When it comes to vision challenges, there are 2 common problems that both happen to be refractive errors: myopia and hyperopia. Myopia is best known as nearsightedness and can make distant objects blurry, while hyperopia is the opposite—it causes farsightedness, which means nearby objects may appear blurry.
Fortunately, both myopia and hyperopia can be treated with prescription eyeglasses, contacts, or corrective surgery, and can be diagnosed during a regular comprehensive eye exam with your optometrist.
What Is Myopia?
Myopia, also known as nearsightedness, is a common form of refractive error caused by the eye being longer than it is wide or by a curve in your lens or cornea.
In an eye without myopia, the eyeball is spherical with a lens on the front that helps refract light to a focal point located on the retina. This allows all the light rays to converge on a singular point where the eye can then send visual information to the brain.
When myopia occurs, the eye is longer than it is wide, or the natural lens or cornea is curved incorrectly. This causes light rays to converge in front of the retina, rather than directly on it.
The changes myopia causes in how light refracts inside your eye can lead to a blurry image being created, which is made worse the further away your eye is trying to focus.
Though the symptoms of myopia vary in severity on a person-to-person basis, they can include:
- Blurry vision
- The inability to focus on nearby objects
- Eye strain
- Frequent eye rubbing
- Eye fatigue
This condition typically develops in early childhood and continues to progress until late adolescence or early adulthood. However, there are several forms of myopia management available, and if caught early, the condition can be managed to minimize how far along it progresses.
How Is Myopia Treated?
Myopia is a common condition that affects many Americans. Fortunately, this means there are several ways to treat it. The most common form of vision correction for myopia is through the use of prescription eyeglasses or contact lenses. Prescription lenses can help your eyes focus light properly to reach the retina.
For children suffering from myopia, there are specialty contact lenses designed to reduce how the condition progresses, including:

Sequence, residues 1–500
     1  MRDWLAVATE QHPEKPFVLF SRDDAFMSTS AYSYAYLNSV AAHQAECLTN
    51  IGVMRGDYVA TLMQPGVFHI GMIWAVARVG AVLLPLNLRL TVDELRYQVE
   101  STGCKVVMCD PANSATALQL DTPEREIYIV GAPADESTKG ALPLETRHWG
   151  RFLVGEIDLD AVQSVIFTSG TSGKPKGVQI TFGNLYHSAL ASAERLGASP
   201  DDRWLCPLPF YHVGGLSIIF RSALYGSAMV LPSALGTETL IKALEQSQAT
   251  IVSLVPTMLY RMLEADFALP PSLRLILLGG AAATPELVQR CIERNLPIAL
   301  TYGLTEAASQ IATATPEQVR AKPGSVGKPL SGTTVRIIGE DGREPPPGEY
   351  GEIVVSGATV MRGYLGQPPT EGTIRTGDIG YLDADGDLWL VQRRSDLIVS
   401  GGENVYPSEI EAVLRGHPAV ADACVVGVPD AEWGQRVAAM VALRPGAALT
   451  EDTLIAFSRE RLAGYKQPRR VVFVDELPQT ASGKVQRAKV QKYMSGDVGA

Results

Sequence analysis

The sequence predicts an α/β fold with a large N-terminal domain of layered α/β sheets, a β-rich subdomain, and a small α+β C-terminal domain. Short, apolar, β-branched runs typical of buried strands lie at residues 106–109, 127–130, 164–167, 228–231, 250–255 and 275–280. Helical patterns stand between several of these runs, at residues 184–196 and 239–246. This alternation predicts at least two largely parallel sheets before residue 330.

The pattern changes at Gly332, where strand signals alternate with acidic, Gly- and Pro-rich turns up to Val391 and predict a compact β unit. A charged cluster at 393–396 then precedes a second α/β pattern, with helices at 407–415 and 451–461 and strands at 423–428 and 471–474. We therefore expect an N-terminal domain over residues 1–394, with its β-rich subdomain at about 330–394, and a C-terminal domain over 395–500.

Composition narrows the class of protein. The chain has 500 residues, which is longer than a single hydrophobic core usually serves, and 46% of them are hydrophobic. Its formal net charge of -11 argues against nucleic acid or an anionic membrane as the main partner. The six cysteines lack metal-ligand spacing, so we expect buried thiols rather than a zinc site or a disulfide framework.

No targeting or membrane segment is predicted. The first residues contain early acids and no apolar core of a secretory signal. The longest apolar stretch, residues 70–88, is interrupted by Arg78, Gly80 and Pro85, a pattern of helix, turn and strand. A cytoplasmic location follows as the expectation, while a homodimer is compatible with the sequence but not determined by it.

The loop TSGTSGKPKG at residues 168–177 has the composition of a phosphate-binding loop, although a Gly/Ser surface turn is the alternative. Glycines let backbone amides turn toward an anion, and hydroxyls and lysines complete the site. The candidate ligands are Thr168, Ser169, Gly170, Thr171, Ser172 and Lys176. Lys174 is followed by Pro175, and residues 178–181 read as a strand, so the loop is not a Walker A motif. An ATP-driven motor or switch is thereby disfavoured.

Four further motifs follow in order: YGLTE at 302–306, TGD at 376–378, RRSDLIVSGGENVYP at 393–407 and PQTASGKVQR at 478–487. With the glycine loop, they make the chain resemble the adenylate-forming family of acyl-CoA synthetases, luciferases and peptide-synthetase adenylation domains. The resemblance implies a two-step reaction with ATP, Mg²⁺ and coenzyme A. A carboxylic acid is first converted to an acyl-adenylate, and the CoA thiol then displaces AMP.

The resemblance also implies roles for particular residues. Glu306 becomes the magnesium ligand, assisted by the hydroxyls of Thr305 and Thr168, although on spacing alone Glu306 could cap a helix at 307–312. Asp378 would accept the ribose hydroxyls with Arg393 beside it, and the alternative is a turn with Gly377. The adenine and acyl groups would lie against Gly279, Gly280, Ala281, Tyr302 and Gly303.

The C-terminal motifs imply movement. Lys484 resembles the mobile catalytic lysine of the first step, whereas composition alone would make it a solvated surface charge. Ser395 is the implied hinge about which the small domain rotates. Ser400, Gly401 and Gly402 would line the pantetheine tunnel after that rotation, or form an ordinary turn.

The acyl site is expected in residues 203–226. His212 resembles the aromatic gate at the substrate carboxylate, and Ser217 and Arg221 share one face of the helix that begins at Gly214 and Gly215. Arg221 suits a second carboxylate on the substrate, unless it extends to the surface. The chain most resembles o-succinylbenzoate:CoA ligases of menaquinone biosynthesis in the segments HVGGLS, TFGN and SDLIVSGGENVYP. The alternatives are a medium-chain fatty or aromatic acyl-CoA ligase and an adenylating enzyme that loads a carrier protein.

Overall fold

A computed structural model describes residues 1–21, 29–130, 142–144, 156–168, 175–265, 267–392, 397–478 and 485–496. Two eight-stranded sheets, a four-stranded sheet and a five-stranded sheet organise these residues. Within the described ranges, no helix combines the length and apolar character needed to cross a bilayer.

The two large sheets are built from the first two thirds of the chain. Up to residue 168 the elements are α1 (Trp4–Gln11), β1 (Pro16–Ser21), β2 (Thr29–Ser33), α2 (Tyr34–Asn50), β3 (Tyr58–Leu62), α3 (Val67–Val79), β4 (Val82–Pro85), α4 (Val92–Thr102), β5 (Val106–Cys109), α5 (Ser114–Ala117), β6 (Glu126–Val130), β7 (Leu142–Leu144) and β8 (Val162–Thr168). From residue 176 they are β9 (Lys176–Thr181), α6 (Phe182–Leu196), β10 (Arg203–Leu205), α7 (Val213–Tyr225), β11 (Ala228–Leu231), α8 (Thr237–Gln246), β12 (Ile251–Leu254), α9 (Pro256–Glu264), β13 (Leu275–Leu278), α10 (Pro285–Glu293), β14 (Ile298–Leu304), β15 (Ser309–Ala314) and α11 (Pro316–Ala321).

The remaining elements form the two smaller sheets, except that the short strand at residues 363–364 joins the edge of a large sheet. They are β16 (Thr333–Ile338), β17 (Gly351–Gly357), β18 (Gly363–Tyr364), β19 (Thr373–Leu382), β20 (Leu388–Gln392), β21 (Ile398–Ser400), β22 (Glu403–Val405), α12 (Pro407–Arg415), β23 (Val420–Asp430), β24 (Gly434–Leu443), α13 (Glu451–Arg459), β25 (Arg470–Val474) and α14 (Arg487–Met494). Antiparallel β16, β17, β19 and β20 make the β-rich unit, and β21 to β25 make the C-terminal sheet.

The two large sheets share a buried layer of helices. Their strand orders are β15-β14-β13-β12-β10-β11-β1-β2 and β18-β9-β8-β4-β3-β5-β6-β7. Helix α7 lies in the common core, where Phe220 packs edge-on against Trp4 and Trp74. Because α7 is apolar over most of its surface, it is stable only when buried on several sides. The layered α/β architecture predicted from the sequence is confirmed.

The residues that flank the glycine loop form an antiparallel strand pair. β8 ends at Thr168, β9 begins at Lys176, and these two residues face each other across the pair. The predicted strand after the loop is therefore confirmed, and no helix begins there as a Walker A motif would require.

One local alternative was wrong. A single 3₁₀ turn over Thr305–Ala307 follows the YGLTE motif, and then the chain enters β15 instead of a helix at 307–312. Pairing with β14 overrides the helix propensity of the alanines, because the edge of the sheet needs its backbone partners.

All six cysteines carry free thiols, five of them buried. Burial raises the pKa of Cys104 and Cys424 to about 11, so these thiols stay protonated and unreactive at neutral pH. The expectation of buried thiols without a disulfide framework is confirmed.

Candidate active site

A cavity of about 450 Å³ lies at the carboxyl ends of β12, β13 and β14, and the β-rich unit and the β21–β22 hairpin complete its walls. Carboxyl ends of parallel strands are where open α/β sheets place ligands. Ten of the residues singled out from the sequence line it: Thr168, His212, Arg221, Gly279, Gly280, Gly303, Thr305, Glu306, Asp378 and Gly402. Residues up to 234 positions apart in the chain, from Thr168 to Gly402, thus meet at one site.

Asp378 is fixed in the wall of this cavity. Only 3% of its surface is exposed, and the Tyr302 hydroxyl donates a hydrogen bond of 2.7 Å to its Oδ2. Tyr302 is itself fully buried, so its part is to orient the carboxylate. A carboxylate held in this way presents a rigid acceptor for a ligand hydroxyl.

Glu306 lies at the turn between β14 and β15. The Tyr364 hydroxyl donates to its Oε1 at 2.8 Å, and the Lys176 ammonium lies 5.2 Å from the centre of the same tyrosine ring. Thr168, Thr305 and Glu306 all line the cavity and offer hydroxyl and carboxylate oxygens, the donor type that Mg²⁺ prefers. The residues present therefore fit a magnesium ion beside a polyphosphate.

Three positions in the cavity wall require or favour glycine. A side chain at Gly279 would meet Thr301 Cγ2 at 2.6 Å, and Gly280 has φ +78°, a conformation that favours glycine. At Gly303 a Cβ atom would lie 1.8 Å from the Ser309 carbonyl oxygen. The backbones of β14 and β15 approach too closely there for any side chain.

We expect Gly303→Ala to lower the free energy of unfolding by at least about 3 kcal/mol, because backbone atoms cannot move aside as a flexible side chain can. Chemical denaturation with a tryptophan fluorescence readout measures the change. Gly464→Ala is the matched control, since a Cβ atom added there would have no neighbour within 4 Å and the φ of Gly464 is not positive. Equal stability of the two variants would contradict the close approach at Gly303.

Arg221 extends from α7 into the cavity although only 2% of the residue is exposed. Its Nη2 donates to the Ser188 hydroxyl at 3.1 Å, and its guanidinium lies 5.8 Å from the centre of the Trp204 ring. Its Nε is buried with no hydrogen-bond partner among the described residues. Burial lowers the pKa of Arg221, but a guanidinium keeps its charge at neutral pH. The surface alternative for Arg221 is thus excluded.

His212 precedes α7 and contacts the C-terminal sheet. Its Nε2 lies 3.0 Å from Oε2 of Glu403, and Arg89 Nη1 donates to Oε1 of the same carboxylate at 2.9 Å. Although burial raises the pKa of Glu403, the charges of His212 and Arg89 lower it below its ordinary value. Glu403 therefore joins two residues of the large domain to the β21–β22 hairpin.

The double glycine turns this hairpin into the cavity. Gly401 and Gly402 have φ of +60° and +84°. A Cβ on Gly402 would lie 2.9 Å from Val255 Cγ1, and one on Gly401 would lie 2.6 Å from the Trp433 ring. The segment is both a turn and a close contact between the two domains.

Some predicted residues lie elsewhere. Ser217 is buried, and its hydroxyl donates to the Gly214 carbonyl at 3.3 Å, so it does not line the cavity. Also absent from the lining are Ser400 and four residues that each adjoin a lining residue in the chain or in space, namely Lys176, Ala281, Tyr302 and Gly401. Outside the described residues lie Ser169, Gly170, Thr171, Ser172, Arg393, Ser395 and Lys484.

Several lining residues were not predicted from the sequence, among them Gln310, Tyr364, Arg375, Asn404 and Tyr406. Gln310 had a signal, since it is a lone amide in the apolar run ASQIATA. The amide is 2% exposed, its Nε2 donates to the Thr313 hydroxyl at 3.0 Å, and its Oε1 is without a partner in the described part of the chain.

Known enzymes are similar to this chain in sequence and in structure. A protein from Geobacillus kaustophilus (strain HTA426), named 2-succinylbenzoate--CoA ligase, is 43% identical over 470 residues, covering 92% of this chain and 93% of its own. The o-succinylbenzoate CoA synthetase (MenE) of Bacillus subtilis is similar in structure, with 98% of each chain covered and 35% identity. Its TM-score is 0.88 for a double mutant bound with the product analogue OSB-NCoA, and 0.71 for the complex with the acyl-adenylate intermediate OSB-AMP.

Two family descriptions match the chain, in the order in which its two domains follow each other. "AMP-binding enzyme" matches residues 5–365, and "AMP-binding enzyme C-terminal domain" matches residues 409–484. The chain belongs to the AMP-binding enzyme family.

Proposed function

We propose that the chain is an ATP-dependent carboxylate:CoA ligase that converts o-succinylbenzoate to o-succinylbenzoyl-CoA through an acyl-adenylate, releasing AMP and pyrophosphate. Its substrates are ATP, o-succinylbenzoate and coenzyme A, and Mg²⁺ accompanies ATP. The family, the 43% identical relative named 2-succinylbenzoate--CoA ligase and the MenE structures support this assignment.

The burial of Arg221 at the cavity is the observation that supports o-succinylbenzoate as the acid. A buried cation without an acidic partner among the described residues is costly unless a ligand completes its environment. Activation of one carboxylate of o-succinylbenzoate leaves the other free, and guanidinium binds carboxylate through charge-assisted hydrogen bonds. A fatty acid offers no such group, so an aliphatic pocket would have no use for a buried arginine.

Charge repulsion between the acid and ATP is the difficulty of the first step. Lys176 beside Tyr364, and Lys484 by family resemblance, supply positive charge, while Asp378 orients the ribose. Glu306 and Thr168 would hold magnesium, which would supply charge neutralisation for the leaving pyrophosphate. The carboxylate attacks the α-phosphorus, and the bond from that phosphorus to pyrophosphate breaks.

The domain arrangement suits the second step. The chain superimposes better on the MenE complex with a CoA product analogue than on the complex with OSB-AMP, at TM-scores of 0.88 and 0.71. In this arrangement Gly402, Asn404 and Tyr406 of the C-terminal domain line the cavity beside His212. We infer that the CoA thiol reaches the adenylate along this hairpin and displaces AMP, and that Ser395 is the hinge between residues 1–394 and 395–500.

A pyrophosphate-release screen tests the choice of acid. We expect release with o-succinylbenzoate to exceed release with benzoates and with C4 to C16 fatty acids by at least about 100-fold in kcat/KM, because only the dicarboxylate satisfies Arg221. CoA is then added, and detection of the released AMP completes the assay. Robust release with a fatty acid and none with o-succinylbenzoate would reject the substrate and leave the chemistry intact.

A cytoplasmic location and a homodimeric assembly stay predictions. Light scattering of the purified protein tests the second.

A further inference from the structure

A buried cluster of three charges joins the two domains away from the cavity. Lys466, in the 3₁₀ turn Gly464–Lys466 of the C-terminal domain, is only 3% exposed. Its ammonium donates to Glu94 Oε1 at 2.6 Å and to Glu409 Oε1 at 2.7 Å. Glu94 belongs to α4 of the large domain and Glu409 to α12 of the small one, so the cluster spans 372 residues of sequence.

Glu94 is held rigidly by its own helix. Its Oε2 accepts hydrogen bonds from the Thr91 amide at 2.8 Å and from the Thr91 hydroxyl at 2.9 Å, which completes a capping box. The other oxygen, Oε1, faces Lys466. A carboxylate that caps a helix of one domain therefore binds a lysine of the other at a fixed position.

- MiSight contact lenses, which can help reduce the elongation of the eye
- Orthokeratology, or ortho-k, contact lenses, which are worn at night to temporarily reshape the eye
In some situations, an optometrist may recommend a form of corrective surgery like LASIK. This surgery can help correct your refractive error but often requires a consultation with your optometrist to determine your eligibility.
What Is Hyperopia?
Hyperopia, also known as farsightedness, is another common form of refractive error. While myopia occurs when the eyeball is longer than it is wide, hyperopia is the opposite—it’s caused by the eyeball being wider than it is long or by your cornea or lens not having enough curvature to properly refract light to your retina. This leads to light being refracted to a focal point behind the retina, causing your eye to have difficulty building a clear image of nearby objects.
This condition is rarer than myopia and can be difficult to diagnose during childhood with standard vision screenings, such as those provided at school. If an eye chart is at a comfortably far-away distance, a person with hyperopia may be able to see it clearly, making it difficult to diagnose for children without a comprehensive eye exam.
Hyperopia can cause several symptoms, including:
- Difficulty seeing nearby objects while further objects remain clear
- Difficulty focusing on nearby tasks
- Eye fatigue or strain when working close to your eyes
It isn’t just children that can suffer from hyperopia—adults can also develop this condition in some situations. This makes it essential to regularly visit your optometrist for comprehensive eye exams, so you can determine what may be causing your vision concerns.
How Is Hyperopia Treated?
Similar to myopia, hyperopia is a common enough condition that there are several methods available for treatment. Typically, an optometrist will recommend the use of prescription eyeglasses or contact lenses to correct your refractive error.
In some situations, an optometrist may recommend a form of corrective surgery. This requires a consultation appointment to determine whether or not corrective surgery can solve your vision concerns.
How to Treat Refractive Errors
Fortunately, due to how common both myopia and hyperopia are, treatment options can be found for many people’s needs. During a comprehensive eye exam, we can check your eyes to give you a diagnosis for what is causing your vision problems and provide recommendations for achieving clear vision.
At Fort Myers Eye Associates, we know how frustrating it can be when your vision isn’t clear. Schedule an appointment with us today to learn what’s causing your vision concerns, and let us help you with your refractive error.